China send rocket to reach far side of Moon

China has embarked on an unprecedented mission to collect samples from the far side of the Moon, marking a significant milestone in lunar exploration. The Chang’e-6 probe, an uncrewed spacecraft, was launched from the Wenchang Space Launch Center at approximately 17:27 local time (10:27 BST).

Over the course of its 53-day mission, it aims to retrieve approximately two kilograms of lunar samples and return them to Earth for detailed analysis. The mission’s successful launch is seen as a pioneering step, as it involves a relaunch from the Moon’s far side, often mischaracterized as the “dark side” because it remains unseen from Earth, despite receiving sunlight.

The lunar far side is geologically distinct, possessing a thicker, older crust heavily pockmarked with craters and less obscured by ancient lava flows compared to the near side. These features make it a prime area for collecting untouched geological samples that could offer new insights into the Moon’s formation and history. Ge Ping, the vice director of China’s Lunar Exploration and Space Engineering Center, highlighted the novelty of the mission, stating, “Chang’e-6 will collect samples from the far side of the Moon for the first time.”

Named after a beloved figure in Chinese mythology, the Moon goddess Chang’e, the probe’s mission includes a soft landing in the South Pole-Aitken Basin, one of the largest and deepest impact craters on the Moon, measuring 2,500 km (1,553 miles) in width and up to 8 km (5 miles) in depth. Here, the spacecraft is set to conduct in-depth studies and collect lunar soil and rocks using sophisticated tools like a drill and a mechanical arm, as outlined by the China National Space Administration.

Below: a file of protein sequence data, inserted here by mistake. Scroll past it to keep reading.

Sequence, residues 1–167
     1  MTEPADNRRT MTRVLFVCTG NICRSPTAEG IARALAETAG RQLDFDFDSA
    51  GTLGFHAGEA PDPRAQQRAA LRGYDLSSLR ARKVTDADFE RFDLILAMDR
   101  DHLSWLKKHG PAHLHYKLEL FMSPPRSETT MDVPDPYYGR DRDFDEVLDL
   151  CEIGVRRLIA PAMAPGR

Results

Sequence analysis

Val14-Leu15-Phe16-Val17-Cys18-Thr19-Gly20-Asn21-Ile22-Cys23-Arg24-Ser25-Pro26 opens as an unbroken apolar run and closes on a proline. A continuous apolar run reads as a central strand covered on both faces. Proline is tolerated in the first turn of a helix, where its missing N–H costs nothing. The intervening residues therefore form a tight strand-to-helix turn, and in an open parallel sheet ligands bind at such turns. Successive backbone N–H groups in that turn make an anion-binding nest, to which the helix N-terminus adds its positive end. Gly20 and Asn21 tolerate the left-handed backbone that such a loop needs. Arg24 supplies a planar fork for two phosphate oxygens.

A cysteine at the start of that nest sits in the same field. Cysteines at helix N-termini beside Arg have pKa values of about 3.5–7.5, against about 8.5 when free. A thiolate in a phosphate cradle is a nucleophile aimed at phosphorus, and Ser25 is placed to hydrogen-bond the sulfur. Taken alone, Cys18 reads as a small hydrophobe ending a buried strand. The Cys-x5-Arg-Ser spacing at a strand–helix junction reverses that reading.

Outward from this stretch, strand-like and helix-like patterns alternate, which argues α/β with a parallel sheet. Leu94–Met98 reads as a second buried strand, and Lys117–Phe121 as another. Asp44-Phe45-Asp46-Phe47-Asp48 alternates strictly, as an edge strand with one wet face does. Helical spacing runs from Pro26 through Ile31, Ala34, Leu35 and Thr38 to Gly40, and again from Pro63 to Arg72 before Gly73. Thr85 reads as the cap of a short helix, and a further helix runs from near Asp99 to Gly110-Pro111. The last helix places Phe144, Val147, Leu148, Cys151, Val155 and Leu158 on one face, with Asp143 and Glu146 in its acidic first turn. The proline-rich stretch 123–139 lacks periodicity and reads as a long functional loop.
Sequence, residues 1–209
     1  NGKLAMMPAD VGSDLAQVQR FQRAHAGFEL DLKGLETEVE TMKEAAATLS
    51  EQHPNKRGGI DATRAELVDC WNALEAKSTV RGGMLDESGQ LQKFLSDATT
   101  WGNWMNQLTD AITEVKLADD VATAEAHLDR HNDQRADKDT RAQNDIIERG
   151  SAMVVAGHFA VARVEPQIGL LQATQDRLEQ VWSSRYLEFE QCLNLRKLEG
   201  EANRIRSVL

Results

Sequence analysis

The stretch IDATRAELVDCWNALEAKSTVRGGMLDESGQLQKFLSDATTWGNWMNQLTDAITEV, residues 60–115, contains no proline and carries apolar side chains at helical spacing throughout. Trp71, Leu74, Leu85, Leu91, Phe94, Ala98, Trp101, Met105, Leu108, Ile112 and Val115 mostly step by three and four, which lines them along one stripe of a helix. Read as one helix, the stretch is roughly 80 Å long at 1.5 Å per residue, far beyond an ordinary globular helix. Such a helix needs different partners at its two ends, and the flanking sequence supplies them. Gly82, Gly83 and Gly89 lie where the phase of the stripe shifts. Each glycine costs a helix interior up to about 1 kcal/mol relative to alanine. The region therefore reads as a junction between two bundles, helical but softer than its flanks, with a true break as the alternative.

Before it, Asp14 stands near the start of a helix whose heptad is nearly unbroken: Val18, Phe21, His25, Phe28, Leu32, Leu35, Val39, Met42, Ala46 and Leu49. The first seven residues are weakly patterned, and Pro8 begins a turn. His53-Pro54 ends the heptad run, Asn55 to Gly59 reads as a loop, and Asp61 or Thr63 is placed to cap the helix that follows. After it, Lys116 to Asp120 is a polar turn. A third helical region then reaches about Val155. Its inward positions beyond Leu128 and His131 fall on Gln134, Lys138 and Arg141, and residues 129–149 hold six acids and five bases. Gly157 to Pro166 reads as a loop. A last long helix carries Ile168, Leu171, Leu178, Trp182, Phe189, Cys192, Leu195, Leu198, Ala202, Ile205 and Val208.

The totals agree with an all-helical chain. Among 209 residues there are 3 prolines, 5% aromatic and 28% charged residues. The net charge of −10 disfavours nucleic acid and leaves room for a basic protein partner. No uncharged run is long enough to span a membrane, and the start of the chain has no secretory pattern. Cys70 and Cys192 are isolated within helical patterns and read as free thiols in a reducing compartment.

To facilitate communication with Earth, Chang’e-6 will utilize a relay satellite, Queqiao 2. This launch is the first in a series of three planned uncrewed lunar missions by China this decade, underscoring its ambitious lunar exploration agenda. Following missions include Chang’e-7, which will investigate the presence of water at the lunar south pole, and Chang’e-8, which will explore the technical possibilities for constructing the proposed International Lunar Research Station.

Building on the success of its predecessor, Chang’e-5, which in December 2020 returned with the youngest lunar lavas ever collected, Chang’e-6 forms part of China’s broader strategy in space competition, particularly with the United States. Notably, China was the first to land a rover on the far side of the Moon five years ago. Looking forward, by 2030, China aims to send its first astronauts to the Moon and initiate missions to collect samples from Mars and Jupiter, marking significant progress in its space exploration capabilities.

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